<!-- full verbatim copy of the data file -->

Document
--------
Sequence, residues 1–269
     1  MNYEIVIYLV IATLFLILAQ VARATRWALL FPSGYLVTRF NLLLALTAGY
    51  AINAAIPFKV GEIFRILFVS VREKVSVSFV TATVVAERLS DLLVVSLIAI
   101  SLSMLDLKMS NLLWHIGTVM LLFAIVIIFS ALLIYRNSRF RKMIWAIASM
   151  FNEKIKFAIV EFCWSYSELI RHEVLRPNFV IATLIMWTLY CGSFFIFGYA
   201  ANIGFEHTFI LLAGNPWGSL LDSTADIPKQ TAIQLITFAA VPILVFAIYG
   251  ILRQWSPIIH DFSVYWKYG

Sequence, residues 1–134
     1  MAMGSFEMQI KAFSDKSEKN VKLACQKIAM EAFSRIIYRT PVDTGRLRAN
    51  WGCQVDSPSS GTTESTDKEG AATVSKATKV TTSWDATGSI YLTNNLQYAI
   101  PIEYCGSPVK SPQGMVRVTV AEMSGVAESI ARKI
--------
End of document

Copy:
Sequence, residues 1–269
     1  MNYEIVIYLV IATLFLILAQ VARATRWALL FPSGYLVTRF NLLLALTAGY
    51  AINAAIPFKV GEIFRILFVS VREKVSVSFV TATVVAERLS DLLVVSLIAI
   101  SLSMLDLKMS NLLWHIGTVM LLFAIVIIFS ALLIYRNSRF RKMIWAIASM
   151  FNEKIKFAIV EFCWSYSELI RHEVLRPNFV IATLIMWTLY CGSFFIFGYA
   201  ANIGFEHTFI LLAGNPWGSL LDSTADIPKQ TAIQLITFAA VPILVFAIYG
   251  ILRQWSPIIH DFSVYWKYG

Sequence, residues 1–134
     1  MAMGSFEMQI KAFSDKSEKN VKLACQKIAM EAFSRIIYRT PVDTGRLRAN
    51  WGCQVDSPSS GTTESTDKEG AATVSKATKV TTSWDATGSI YLTNNLQYAI
   101  PIEYCGSPVK SPQGMVRVTV AEMSGVAESI ARKI